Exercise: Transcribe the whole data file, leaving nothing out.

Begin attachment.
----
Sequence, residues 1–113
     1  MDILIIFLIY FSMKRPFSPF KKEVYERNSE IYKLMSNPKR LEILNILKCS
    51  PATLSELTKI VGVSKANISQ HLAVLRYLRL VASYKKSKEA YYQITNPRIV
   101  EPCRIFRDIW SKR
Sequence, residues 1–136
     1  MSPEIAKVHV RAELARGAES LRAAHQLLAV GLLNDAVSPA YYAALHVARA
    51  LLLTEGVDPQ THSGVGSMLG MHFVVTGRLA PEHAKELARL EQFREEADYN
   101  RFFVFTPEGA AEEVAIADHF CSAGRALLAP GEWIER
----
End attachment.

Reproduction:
Sequence, residues 1–113
     1  MDILIIFLIY FSMKRPFSPF KKEVYERNSE IYKLMSNPKR LEILNILKCS
    51  PATLSELTKI VGVSKANISQ HLAVLRYLRL VASYKKSKEA YYQITNPRIV
   101  EPCRIFRDIW SKR
Sequence, residues 1–136
     1  MSPEIAKVHV RAELARGAES LRAAHQLLAV GLLNDAVSPA YYAALHVARA
    51  LLLTEGVDPQ THSGVGSMLG MHFVVTGRLA PEHAKELARL EQFREEADYN
   101  RFFVFTPEGA AEEVAIADHF CSAGRALLAP GEWIER